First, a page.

During the Police Commission meeting on February 1st, Chief Gary Boudreau introduced new hires, performed the oath of office, and awarded several members of the Rochester Police Department for their outstanding service. Notable moments included Officer of the Year, Civilian Support Person of the Year, and Chief Theodore Blair Memorial Award.
Jack Settele is a native of Dover, graduating from Dover High School and the University of New Hampshire in 2019. Since 2014, Jack has been a member of the Army National Guard and has been deployed several times during his enlistment. Settele has advanced training in leadership courses and holds instructor-level certifications in tactics. In 2017 he was named NH ARNG Soldier of the Year. He’s also served as an honor guardsman for military funerals for over 300 veterans. Settele will be heading to the Basic Police Academy in February.
Rachel Hill is a native of Northwood, NH. She holds an associate’s degree from NHTI and has worked several customer service-oriented jobs while pursuing her career goal of becoming a police officer. Hill will be heading to the Basic Police Academy in February.
Katelyn Mills is a certified, full-time police officer who has transferred from the Canterbury Police Department where she served since 2021. She is a native of NH. Prior to being certified as a police officer, she had an extensive background as a correctional officer at the county level. As a correctional officer, she learned to hone one of the most important skills a police officer can have — the ability to communicate and de-escalate.
Michael Mcquade is a native of Rochester. This is a homecoming of sorts as Mike started his NH Law Enforcement career in Rochester. He honorably served in the Air Force and as an Armed Forces Officer before returning to Rochester and serving from 1993-2002. In 2002, he left Rochester to join NH State Police. At NHSP, he rose through the ranks and retired as a Lieutenant in 2022. In his final assignment, he served as the unit commander for the Justice Information Bureau where he led a staff of 60 employees.
Civilian Support Person of the Year
Communications Specialist Heather Stevens was first hired in March 2020. Heather has quickly established herself as one of the anchors of the Dispatch Center. According to Chief Boudreau, staff members often joke, inquiring if she has a hidden sleeping location in the building because she is always working. (Evidence of the statement is backed up by the 647.5 hours of overtime she worked when operations needed it the most.) She is committed to being a team player and has become a certified trainer in the Dispatch Center. She takes initiative to expand her knowledge, volunteering to take on tasks and responsibilities. Stevens is often the mediator for conflicts within the workplace, dedicated to improving morale and team building.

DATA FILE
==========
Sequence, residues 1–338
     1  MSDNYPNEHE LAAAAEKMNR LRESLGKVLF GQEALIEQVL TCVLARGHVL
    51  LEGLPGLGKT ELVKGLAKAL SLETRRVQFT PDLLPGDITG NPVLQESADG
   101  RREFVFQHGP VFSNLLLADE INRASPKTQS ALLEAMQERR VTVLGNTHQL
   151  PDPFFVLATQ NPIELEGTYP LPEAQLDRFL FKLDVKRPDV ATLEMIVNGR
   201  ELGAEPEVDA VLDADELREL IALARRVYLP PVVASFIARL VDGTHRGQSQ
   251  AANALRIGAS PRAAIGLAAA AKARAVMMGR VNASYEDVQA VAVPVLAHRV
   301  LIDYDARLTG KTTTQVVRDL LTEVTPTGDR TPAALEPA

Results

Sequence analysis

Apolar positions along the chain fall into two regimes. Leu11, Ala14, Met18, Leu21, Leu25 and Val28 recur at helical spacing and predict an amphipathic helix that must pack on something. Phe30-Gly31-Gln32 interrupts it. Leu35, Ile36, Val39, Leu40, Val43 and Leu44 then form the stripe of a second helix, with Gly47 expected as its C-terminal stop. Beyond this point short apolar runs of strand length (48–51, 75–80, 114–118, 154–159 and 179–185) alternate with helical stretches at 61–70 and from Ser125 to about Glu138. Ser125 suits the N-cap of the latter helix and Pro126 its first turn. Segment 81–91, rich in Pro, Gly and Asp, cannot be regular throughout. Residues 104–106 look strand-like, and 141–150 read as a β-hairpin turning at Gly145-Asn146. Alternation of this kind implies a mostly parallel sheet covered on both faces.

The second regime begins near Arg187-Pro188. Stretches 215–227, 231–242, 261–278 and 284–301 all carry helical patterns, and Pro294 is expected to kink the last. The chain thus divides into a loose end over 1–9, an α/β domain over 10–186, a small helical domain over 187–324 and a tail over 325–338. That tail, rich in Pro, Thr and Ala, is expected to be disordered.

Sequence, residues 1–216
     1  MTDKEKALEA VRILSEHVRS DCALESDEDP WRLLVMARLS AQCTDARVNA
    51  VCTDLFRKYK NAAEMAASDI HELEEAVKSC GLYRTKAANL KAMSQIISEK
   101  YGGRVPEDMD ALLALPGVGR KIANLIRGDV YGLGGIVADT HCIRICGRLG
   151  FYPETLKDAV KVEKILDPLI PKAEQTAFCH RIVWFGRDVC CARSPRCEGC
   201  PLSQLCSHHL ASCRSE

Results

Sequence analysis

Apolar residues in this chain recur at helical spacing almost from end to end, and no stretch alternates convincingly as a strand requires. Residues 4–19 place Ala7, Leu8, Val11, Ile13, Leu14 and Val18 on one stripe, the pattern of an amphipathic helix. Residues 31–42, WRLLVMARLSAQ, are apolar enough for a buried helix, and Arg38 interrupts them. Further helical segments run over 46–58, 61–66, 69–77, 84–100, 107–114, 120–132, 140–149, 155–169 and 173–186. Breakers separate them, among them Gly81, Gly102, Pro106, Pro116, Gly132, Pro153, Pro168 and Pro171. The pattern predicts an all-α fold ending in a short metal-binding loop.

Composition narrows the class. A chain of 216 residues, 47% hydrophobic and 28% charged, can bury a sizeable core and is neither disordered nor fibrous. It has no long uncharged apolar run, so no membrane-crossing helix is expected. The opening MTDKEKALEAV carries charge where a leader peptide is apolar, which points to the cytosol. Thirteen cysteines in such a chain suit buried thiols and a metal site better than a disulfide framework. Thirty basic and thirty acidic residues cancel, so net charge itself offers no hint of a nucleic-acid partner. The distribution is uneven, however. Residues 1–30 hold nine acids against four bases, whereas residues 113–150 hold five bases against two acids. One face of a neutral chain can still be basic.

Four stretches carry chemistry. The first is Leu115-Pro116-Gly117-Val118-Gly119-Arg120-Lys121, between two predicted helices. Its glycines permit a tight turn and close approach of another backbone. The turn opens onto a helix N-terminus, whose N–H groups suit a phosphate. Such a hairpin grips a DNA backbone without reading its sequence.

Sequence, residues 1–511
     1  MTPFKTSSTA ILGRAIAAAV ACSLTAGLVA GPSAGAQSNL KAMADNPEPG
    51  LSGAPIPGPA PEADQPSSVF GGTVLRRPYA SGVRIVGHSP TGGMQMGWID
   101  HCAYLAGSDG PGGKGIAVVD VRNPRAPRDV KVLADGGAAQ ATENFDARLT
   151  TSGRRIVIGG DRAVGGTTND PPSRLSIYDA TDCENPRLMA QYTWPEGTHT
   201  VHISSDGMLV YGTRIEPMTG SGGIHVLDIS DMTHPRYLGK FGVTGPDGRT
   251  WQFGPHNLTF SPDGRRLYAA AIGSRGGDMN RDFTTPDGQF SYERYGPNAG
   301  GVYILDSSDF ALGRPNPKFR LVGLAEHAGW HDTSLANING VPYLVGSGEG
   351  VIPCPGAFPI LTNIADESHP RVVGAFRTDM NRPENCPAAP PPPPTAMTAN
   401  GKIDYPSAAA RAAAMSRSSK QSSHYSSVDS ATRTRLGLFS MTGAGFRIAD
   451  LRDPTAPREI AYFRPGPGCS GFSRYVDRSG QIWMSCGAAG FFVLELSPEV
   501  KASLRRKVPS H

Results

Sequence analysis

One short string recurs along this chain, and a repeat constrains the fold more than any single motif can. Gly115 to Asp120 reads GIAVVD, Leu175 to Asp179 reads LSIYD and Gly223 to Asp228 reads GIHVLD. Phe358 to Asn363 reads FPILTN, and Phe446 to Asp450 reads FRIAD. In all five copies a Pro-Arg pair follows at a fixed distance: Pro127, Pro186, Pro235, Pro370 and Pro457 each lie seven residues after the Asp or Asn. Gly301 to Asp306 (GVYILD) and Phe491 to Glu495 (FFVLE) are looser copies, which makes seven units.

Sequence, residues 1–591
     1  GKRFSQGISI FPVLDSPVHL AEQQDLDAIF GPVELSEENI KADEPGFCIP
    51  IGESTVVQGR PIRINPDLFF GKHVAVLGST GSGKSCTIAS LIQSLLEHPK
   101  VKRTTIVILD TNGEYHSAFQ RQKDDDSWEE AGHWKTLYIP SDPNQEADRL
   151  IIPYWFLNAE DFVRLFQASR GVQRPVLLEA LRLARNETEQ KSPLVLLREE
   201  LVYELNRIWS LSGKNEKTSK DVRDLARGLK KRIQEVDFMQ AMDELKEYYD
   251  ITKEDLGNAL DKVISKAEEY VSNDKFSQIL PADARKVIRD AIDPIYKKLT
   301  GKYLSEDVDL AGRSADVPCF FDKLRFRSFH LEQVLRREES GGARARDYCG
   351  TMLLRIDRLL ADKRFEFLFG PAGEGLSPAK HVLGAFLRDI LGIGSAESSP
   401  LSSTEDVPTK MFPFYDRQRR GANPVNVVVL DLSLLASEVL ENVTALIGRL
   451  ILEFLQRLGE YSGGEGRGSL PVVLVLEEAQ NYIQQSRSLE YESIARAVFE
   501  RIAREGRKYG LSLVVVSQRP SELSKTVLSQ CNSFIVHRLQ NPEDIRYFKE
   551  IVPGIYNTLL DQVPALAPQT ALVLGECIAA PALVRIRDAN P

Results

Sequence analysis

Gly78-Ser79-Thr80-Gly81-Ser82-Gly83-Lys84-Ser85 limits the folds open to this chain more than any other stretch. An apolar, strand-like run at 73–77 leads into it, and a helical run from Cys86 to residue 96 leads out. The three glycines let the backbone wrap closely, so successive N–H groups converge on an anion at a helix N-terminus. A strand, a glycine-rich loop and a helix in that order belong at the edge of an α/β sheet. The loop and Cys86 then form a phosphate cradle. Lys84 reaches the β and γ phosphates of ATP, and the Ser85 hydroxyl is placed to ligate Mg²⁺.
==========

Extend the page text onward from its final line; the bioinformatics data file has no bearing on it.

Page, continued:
Police Officer of the Year
Detective Justin Livingstone is a veteran of RPD having started as a Police Officer in June 2003. Throughout his career, he has been the model of consistency. Livingstone is tied for the longest-tenured detective. He is the “go-to” detective for training new detectives, helps new supervisors understand the bureau, is willing to help anyone, and serves as a role model to younger officers. He is engaged, well-liked, respected, involved, and always the first to volunteer for community events.
Chief Theodore Blair Memorial Award
Named after the late Chief Blair and given to the officer who throughout the year consistently maintains an exceptional level of public service and exemplifies the characteristics of Chief Blair. Attributes should include compassion, enthusiasm for the job, respect for others, commitment and dedication, a good disposition, patience, a sense of humor, honesty, and integrity. The 2023 Chief Theodore Blair Memorial Award recognizes the work of Detective Nicole Knox.
Knox started as a Communications Specialist in October 2015. She was later hired in as a full-time patrol officer in 2019. Chief Boudreau said she is someone who exemplifies commitment and dedication, “which was on display from the moment she started in the Dispatch Center and how hard she worked to get herself in a position to become a Police Officer”.
In her short time as a Patrol Officer, she has become well-respected by her peers. Her nomination letter described how quickly she’s been able to impact those new officers from very different backgrounds.
“She has a sense of humor and is never someone who is shy to tell a joke and make others smile, especially when someone is having a bad day,” said Boudreau. “She has deep compassion for victims of crimes and works to bring them justice. She is someone who I think Chief Blair would be proud to have as a member of the department.”